South China Morning Post’s Echo Hui reports that the limited democracy in the Guangdong village of Wukan continues to fray, as local disillusionment grows and the political climate chills under new provincial Party secretary, Hu Chunhua.
After a little more than a year in the limelight, Zhuang Liehong has given up politics. Zhuang emerged as a leader of grass-roots protests over stolen land in Wukan in Guangdong in 2011 and was elected to its village committee in a historic democratic election the following year.
But he quit the committee in October and does not intend to stand in the new poll slated for some time after winter. Like many others in this community, Zhuang has lost faith in democracy – at least the local version – amid a clash of competing interests and claims of a lack in transparency in the committee’s proceedings.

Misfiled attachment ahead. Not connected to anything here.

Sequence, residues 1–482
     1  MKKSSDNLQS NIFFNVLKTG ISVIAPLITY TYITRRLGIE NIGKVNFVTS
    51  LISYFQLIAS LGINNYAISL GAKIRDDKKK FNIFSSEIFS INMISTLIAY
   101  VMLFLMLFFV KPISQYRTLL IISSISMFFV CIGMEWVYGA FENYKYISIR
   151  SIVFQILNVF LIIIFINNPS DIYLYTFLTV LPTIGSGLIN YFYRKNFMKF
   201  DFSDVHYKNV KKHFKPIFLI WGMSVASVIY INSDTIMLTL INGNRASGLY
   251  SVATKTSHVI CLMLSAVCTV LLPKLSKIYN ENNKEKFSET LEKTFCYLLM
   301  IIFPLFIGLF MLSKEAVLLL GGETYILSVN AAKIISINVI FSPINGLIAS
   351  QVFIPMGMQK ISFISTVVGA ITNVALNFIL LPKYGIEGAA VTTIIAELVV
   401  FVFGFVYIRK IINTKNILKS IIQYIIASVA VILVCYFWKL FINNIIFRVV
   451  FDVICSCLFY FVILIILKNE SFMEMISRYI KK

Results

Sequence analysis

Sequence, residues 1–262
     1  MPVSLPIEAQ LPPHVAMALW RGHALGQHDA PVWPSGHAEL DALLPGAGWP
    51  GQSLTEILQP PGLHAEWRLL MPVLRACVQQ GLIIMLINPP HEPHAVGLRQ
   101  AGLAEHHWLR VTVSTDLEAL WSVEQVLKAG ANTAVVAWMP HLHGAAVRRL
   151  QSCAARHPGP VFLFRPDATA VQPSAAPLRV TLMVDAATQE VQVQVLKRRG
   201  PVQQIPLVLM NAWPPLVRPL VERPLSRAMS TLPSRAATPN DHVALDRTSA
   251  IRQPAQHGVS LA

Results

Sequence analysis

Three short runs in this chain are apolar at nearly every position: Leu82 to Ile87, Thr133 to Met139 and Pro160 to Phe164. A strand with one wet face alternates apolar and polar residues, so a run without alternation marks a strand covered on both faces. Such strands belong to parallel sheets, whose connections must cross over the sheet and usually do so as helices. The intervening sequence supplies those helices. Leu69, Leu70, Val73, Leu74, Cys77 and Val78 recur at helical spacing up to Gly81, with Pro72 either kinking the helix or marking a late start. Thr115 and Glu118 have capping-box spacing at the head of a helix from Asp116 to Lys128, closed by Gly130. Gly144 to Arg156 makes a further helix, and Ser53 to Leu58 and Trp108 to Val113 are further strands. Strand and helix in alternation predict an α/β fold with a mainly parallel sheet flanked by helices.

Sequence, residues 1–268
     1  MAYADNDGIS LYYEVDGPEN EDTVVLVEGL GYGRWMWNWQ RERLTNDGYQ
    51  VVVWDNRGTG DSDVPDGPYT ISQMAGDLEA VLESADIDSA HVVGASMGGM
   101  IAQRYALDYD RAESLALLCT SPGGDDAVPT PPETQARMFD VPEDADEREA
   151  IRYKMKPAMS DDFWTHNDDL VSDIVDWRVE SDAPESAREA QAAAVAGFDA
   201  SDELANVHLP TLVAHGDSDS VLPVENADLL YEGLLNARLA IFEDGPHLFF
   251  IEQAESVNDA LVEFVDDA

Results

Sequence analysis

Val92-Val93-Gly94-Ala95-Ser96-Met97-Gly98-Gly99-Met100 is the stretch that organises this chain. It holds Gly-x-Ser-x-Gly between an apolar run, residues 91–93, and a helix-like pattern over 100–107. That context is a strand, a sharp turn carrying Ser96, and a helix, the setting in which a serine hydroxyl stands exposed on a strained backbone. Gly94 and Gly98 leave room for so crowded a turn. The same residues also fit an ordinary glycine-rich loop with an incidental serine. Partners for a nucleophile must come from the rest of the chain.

[…] Commentator Xu Zhiyuan said authorities were trying to regain control of the village. “Wukan was a miracle,” Xu said. “It happened while China was in the throes of power struggles. But now the power of the central government has stabilised.”
[…] Lin [Zuluan, the village chief] said villagers fell broadly into four groups, depending on their views: some understood and appreciated the hard work of the new village committee; some had benefitted from the illegal land grab and so supported the old village committee. Others who supported Wukan’s democracy had lost faith, while a final group wanted it to fail for personal reasons. Lin said this left the village divided with little chance of reaching a compromise. [Source]